So be warned – just doing nothing and letting your energy supplier give you a free smart meter might turn out to be a very costly mistake.
This month has seen a renewed media prominence for the UK Government’s smart energy metering plans – for example the BBC giving another news slot for the body charged with its introduction. And so far these plans seem to be taking the normal route of a poor analysis of the costs / benefits followed by a total blanking of anyone that does accept the Ministry’s conclusions.
But where did this mad scheme to scrap millions of working gas and electricity meters for no guaranteed benefit come from? It would be easy to blame Ed Miliband – since it was he that produced the UK plans in 2010 when Energy Secretary.
However it was not entirely his own idea. It actually came from the EU. Under their Third Energy Package (2009) member states (we prefer to call them countries) were required to undertake a cost benefit analysis of smart meter roll-out and submit the results to the EU Commission by 2012.
Countries that have actually done this analysis found insufficient benefits in around one third of the studies covering electricity metering and two-thirds of those covering gas metering. The big undecided was Germany. However they have now given a maybe response with Germany officials stating that the EU proposal would be inadvisable. Because installation costs would be greater than achievable energy savings for those users with low power consumption – in other words the typical Grandad. And this is exactly the same conclusion reached by many in Britain who are already very careful with their energy usage.
No amount of tariff searching and supplier swapping will avoid the fact that the cost of smart meters will be added to everyones’ bills. The careful user – who probably already has an electricity usage monitor and submits regular readings online – will see their efforts to reduce bills reversed by tariff increases they did not want, need or deserve.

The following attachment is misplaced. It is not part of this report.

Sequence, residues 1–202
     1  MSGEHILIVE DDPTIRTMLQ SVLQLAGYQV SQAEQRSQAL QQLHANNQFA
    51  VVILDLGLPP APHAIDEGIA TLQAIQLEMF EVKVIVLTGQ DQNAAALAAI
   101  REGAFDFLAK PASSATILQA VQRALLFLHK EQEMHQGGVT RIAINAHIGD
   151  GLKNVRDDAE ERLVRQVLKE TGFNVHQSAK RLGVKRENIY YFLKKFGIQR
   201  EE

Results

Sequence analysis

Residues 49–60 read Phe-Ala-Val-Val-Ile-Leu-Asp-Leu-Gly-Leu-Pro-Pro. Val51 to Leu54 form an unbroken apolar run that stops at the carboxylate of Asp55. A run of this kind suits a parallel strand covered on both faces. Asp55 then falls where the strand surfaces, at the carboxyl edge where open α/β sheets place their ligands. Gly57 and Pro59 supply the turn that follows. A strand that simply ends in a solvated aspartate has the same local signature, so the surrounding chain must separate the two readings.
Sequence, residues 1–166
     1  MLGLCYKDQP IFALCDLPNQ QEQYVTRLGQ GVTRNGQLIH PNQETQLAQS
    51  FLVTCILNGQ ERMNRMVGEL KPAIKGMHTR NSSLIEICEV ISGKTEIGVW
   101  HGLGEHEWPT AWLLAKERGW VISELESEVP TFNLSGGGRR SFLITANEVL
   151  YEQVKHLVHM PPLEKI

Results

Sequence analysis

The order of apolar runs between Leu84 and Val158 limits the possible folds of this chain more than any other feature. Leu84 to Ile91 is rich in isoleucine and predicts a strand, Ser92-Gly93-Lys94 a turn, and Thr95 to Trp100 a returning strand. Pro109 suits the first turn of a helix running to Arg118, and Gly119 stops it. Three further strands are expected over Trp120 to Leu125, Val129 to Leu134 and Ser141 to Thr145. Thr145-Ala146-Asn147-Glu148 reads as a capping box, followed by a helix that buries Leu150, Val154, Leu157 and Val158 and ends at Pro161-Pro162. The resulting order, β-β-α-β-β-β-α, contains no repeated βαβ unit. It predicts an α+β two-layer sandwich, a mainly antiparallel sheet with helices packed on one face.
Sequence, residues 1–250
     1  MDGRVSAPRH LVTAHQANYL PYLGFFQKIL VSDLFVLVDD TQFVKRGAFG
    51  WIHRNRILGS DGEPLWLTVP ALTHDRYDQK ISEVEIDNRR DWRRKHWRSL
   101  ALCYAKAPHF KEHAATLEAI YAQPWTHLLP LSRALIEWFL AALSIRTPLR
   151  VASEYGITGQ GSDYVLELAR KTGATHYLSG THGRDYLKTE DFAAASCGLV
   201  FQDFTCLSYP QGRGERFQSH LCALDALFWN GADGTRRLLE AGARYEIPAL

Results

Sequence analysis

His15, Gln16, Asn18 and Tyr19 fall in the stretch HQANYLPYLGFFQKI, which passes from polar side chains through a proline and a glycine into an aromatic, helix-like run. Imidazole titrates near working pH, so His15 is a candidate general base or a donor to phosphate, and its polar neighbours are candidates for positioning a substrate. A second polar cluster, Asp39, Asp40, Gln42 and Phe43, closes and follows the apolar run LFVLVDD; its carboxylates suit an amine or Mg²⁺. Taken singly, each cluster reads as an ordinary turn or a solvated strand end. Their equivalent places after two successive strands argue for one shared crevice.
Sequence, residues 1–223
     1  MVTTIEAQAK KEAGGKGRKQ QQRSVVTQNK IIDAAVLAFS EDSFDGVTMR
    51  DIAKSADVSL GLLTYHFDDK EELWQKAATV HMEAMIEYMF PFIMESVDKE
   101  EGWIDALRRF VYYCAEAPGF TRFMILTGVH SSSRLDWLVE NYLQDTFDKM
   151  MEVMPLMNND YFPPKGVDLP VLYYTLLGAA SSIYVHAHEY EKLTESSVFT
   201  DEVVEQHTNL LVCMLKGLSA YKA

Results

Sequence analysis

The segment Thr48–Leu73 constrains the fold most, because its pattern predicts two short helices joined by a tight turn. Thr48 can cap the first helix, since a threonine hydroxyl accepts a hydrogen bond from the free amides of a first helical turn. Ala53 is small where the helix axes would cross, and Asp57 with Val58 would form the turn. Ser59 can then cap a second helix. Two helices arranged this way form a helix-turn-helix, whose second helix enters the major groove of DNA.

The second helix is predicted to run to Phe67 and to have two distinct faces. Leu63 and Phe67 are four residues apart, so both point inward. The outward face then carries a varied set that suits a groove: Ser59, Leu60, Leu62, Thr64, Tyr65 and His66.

There are, of course, plenty of opponents of the scheme – for example Stopsmartmeters.org.uk – but there is a danger that their arguments will drift away from the failures in the cost / benefit analysis onto less certain issues such as the possible health effects of wi-fi radiation.
So does the muddled mind of Frank Spencer live on in our esteemed Government and its civil servants? Yes, Minister.
For a more see the 2013 article at The Register.
Experience shows that the British press don’t always give out the right story. But today’s reports that our Chancellor of the Exchequer has jumped into the Ukrainian turmoil with “’We should be there with a chequebook to help the people of Ukraine rebuild their country” beggars belief – even if the reports were sensationalised.
Now the ideal Chancellor would be someone who combined financial acumen with geopolitical awareness and a tight grip on all forms of public spending. But in this case Mr Osborne seems to have failed on all counts.
The fact that the UK has huge debts, cannot produce enough to stop the debt spiral deepening, already gives away excessive amounts to undeserving nations and spends billions on vanity projects are not indicators of a well managed economy. The Bank of England’s continued all-time low for interest rates shows that the UK is still in a dire financial situation. And the fact that those of us not in Australia for a G20 meeting are facing wrecked homes and farms, broken rail links, pot-hole filled roads plus financial cutbacks causing closures of care homes, sports halls, libraries, etc just makes ill-considered offers of overseas handouts even more grotesque. It certainly hit a nerve on the comments sections with thousands supporting every critical message posted.